Tuesday, December 13, 2011

Chocolate Pumpkin Pie

I love the creaminess and the subtle aroma of pumpkin in desserts, but somehow pumpkin pie was not in my list of favorite desserts until I added chocolate to the filling. This way you still have the nice texture of pumpkin, but the flavor is deeper, richer and, of course, chocolate always makes everything more delicious, flirting gently with all the pumpkin pie spices.

The origin of this recipe (without the chocolate added) is from Better Homes and Gardens New Cookbook.
Ingredients: (Serves 8)
  • One single-crust pie dough (See recipe)
  • 6 oz (about 1 cup) semisweet chocolate chips
  • One 16-oz can pumpkin
  • 2/3 cup sugar
  • 1 teaspoon ground cinnamon
  • 1/2 teaspoon ground ginger
  • 1/2 teaspoon ground nutmeg
  • 3 slightly beaten eggs
  • One 5-oz can (2/3 cup) evaporated milk
  • 1/2 cup milk
  • Whipped cream or mascarpone cheese, for serving (optional)


  • Prepare the single-crust pie dough.
  • Preheat the oven to 375 F.
  • Roll out the dough with your hands or with a rolling pin (dusted w/ a little flour) from center to the edges to a circle about 12 inches in diameter on a lightly floured surface (or on a piece of parchment paper or plastic wrap that's big enough to accommodate the circle).
  • To transfer the dough, wrap it around the rolling pin and unroll it into a 9-inch pie plate (or transfer it with the parchment paper or plastic wrap and turn it upside down into the pie plate). Ease pastry into pie plate, being careful not to stretch it (if you stretch it, it will shrink right back during baking). Keep it in the fridge until you prepare the filling.
  • Melt the chocolate chips on a double boiler. Turn off the heat and let it sit, until the rest of the filling is prepared.
  • In a mixing bowl, combine pumpkin, sugar, cinnamon, ginger and nutmeg (instead of using 3 different spices, you can also use 1 1/2 teaspoons pumpkin pie spice). Add eggs and beat lightly until just combined. Gradually stir in evaporated milk and milk, mix well. Add the melted chocolate and mix gently until combined.
  • Place the pastry-lined pie plate on the oven rack. Carefully pour filling into pastry shell.
  • Bake for 50-60 minutes or until a knife inserted near the center comes out clean. Let it cool to room temperature, and then store it in the fridge before serving. Serve with whipped cream or mascarpone cream.

Monday, December 12, 2011

Pie Dough (Pate Brisee)

This is Martha Stewart's pate brisee recipe which is the French version of classic pie or tart pastry (with my additions, since I do not own a food processor, and you do not need to own one to make pie dough).
It is a good solid recipe which you can use for both sweet and savory pies and tarts.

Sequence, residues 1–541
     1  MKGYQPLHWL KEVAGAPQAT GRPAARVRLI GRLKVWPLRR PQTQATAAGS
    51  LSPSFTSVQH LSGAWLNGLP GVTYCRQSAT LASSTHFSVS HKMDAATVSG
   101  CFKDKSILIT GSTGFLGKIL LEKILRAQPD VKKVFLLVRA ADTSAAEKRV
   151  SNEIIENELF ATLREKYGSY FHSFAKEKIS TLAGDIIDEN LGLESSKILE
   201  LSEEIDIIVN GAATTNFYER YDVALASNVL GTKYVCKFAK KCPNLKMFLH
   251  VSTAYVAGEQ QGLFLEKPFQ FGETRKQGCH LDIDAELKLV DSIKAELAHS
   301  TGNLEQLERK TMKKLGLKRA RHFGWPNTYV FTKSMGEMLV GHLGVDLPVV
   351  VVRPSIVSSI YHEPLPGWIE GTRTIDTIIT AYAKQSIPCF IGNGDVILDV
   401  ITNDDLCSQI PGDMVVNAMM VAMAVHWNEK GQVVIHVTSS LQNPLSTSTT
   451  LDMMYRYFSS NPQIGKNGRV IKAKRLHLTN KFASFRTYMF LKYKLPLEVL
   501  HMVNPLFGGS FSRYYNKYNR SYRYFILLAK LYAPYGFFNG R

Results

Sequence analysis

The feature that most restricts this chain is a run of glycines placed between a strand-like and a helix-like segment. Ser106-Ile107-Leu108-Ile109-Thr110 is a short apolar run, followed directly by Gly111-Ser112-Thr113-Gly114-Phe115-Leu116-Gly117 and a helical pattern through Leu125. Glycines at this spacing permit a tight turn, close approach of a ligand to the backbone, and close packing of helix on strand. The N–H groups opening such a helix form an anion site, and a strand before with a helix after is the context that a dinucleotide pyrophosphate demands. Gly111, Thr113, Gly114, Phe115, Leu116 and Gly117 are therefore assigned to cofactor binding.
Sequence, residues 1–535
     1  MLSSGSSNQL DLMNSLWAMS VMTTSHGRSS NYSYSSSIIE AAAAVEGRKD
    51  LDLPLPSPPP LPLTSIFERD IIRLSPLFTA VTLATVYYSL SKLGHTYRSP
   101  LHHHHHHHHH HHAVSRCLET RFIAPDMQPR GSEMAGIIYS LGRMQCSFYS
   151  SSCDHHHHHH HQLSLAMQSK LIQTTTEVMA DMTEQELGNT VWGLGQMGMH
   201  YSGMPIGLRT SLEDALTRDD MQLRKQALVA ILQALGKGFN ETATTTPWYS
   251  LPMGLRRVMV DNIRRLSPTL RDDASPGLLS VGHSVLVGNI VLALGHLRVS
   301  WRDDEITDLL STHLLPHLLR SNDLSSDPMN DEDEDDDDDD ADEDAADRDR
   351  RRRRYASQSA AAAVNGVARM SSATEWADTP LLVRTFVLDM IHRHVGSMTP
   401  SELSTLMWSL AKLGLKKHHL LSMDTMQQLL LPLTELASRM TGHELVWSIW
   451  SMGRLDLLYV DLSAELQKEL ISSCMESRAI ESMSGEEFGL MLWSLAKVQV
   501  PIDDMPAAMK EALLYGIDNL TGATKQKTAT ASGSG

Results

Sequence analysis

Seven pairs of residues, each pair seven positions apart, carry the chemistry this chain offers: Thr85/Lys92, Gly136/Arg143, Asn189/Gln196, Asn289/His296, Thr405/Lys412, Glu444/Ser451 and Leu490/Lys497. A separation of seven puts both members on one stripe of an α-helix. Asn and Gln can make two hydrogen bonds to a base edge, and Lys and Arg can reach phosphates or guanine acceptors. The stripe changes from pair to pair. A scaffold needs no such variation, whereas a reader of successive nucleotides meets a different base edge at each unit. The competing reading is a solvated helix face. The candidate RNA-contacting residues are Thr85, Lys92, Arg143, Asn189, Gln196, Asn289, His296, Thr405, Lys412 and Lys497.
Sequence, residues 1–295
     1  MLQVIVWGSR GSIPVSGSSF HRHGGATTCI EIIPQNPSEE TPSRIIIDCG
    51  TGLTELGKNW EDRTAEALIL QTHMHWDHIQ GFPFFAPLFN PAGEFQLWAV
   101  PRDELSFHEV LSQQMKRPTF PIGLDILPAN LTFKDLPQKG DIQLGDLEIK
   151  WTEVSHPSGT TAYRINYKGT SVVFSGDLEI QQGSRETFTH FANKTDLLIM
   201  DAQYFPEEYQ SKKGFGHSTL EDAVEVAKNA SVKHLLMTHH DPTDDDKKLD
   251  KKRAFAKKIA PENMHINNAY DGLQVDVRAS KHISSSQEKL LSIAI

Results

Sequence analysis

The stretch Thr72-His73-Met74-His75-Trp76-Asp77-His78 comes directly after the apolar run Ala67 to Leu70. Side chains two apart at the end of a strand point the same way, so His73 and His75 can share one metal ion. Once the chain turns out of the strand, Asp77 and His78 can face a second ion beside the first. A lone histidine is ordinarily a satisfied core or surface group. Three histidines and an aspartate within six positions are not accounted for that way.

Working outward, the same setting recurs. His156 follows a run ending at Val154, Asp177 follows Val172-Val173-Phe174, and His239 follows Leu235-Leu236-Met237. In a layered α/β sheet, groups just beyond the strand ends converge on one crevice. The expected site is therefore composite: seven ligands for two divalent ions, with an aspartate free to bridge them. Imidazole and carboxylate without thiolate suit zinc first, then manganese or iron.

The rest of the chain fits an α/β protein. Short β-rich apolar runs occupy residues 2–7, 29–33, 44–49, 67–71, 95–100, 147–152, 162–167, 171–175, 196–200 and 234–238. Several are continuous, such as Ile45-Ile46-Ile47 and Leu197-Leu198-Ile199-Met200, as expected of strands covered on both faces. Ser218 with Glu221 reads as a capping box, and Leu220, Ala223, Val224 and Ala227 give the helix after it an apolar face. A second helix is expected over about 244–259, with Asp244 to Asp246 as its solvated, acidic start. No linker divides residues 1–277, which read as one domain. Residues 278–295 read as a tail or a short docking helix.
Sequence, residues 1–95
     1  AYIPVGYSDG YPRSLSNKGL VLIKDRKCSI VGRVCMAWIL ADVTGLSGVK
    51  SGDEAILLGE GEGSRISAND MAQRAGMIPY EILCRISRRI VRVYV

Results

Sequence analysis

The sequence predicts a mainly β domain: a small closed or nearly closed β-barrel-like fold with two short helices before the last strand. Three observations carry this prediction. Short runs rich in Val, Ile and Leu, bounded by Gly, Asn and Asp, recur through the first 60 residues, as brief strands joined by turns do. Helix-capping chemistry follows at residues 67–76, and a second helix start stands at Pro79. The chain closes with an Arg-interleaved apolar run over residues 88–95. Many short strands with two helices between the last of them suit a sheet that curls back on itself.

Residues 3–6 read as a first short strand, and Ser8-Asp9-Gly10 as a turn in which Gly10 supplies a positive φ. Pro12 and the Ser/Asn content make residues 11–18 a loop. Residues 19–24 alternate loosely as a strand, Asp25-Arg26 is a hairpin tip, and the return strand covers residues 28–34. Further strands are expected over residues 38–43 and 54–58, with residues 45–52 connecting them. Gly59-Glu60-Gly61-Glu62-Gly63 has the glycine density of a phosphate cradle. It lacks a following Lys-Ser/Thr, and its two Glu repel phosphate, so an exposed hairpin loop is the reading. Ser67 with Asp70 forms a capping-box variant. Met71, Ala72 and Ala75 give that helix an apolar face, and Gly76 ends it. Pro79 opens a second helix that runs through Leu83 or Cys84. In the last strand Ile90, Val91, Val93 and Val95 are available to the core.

Ingredients: (Makes 1 double-crust or 2 single-crust 9- to 10-inch pies)

  • 2 1/2 cups all-purpose flour
  • 1 teaspoon salt
  • 1 teaspoon sugar
  • 1 cup (2 sticks) unsalted butter, chilled and cut into small pieces
  • 1/4 to 1/2 cup ice water


  • In the bowl of a food processor, combine flour, salt and sugar. Add butter, and process until the mixture resembles coarse meal, 8 to 10 seconds. - If you do not own a food processor, use your hands or a pastry blender to work the butter pieces into the dry ingredients in a bowl to achieve the same result.
  • With machine running, add ice water in a slow, steady stream through feed tube. Pulse until dough holds together without being wet or sticky; be careful not to process more than 30 seconds. To test, squeeze a small amount together: If it is crumbly, add more ice water, 1 tablespoon at a time. - If you do not own a food processor, add water to the coarse meal in the bowl gradually (first start with less than 1/4 cup, then continue adding 1 tablespoon at a time if necessary), and gently mix with your hands or with a fork, until you achieve moist clumps. - Form dough into a ball.
  • Divide the dough into two equal balls. Flatten each ball into a disc and wrap plastic. Transfer to the refrigerator and chill at least 1 hour before use. Dough may be stored, frozen, up to 1 month.

Additional points:

  • Martha Stewart's "golden rule" for pies: Make it cold, bake it hot. To achieve a flaky pie crust, it's very important that butter and water are ice-cold (Some people even let the dry ingredients and tools chill in the fridge before making the dough). It is also a good idea to keep the pie pan in the fridge after you lined it with the pie dough until you prepare the filling (if you haven't prepared it already).
  • Do not add more water than necessary when you achieve the moist clump stage and do not overwork the dough, these would cause the dough to become tough; the dough will come together more as it chills in the fridge.
  • Pressing the dough into a disc (rather than shaping it into a ball) allows it to chill faster. This will also make the dough easier to roll out, and if you freeze it, it will thaw more quickly.